ATONG ATEM: Afro-Futurism and the Ongoing Self Portrait
Atong Atem is a South Sudanese artist and writer living in Narrm, Melbourne. Through her work Atong explores migrant narratives, postcolonial practices in the diaspora, and identity through portraiture.
THE PIN. Tell us a bit about yourself - your childhood, life in Melbourne etc.
ATONG ATEM. I was born in Addis Ababa, Ethiopia where my South Sudanese family was living from the late 80s. We eventually moved to Kenya not long after I was born, due to political unrest and lived there till the mid 90s, when we moved to Australia under a refugee visa.
I grew up on the central coast [NSW] and for a very long time my family was the only non-white family I knew of. For the most part, I had an okay time living there. I definitely experienced a lot of micro-aggressions and had a really difficult time when I started to realise just how different I was to the majority of the people, and what that meant socially, but it never bothered be much because I always had a plan of escape in mind.
Before I lived in Melbourne, I lived in Sydney where I was trying to do art school. I moved to Melbourne, to finish art school, in 2014 [I think] and found a really refreshing community of QPOCS [*Queer People of Colour] and black women who shared very similar experiences to me.
A big part of the reason I’m still here is because of that community and the people that have challenged me and my beliefs for the better.
What does the term third culture kid mean to you?
A. To me, a Third Culture Kid [TCK] is someone who’s straddling the space between familiarity and unfamiliarity - between belonging and isolation, collective identity and *crisis*. I think it resonates with a lot of people because it describes such broad but tangible experiences that refugees, migrants, Indigenous peoples in colonised places, and cultural minorities can relate to.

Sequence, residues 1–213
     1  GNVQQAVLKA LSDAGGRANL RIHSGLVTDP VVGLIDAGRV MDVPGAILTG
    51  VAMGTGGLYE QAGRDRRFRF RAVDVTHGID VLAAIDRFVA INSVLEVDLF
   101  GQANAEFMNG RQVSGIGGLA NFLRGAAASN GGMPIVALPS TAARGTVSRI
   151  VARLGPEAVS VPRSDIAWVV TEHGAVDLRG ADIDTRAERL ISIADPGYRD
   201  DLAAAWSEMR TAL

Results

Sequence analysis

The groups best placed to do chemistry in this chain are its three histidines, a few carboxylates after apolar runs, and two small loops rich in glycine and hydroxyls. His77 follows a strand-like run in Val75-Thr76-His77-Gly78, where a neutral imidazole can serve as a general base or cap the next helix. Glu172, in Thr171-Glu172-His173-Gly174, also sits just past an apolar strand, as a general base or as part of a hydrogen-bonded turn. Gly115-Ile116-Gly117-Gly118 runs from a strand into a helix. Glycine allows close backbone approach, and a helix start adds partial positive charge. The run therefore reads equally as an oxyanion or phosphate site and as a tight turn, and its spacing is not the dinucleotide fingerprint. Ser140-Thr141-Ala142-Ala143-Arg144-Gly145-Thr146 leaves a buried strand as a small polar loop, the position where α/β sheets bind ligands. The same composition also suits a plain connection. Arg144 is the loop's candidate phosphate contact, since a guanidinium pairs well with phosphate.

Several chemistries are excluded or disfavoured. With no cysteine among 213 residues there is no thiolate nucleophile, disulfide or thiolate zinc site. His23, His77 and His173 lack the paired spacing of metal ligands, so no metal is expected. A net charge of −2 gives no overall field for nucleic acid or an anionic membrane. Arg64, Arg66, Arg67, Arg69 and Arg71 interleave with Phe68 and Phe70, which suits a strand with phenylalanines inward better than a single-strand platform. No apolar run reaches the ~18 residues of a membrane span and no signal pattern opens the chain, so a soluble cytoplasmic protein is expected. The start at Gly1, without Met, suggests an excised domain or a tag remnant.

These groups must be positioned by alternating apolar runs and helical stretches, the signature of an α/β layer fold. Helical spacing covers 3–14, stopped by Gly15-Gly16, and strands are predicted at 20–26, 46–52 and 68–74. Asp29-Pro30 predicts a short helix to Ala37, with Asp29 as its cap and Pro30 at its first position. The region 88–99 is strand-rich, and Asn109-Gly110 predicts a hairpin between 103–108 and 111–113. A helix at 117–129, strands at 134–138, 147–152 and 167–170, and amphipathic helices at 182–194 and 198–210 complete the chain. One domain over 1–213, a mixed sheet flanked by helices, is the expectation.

Although the term was initially coined to describe a fairly broad set of circumstances, I think that people from racial and ethnic minorities specifically resonate with it because a lot of TCK's of colour were forced into those circumstances due to political and social circumstances that have roots in colonialism.
To me, it’s a simple and accessible way to discuss really complicated and emotional experiences.
Who and what inspires you?
A. I’m obviously very inspired by post-colonialism art in Africa, specifically studio photography and the works of Malick Sidibe, Seydou Keita and so on. I’m also super inspired by sci-fi, specifically dystopian and post-apocalyptic fiction and pulp sci-fi of the 60s and 50s [especially the cover art!]. I’m really into Afro-Futurism as a framework for black self love and imagining black futures - Sun Ra, George Clinton, Octavia Butler, to name a few.
I love deep fantasy and un-real world building, it’s a big, but visually subtle, part of my work.
Is there a particular message or statement you are trying to make with the work that you produce?
A. My work is inherently about me and my attempt to love myself publicly. It’s for black people and our uplifting of self and culture. There’s no one message but it’s a process of self exploration for the most part.
Do you think it's important we have diversity in media and art in Australia?
A. It’s super important that we have diversity in Australia! Especially in terms of Indigenous representation. There are some amazing examples, like Redfern Now and Cleverman, which dispel the myth that diverse casts 'don’t work' for whatever racist reason.
I think it’s imperative that Australian media follows the diversity of actors and media personalities with a diversity in producers, writers and directors. It isn’t enough to have diverse characters when the people deciding how these characters are portrayed are nothing like them and have no real vested interest in their portrayal.
THE PIN. If you could give your younger self one piece of advice about being in the skin you're in, what would it be?
ATONG ATEM. Be patient with yourself!!!
*This interview has been edited
Photo credit: Atong Atem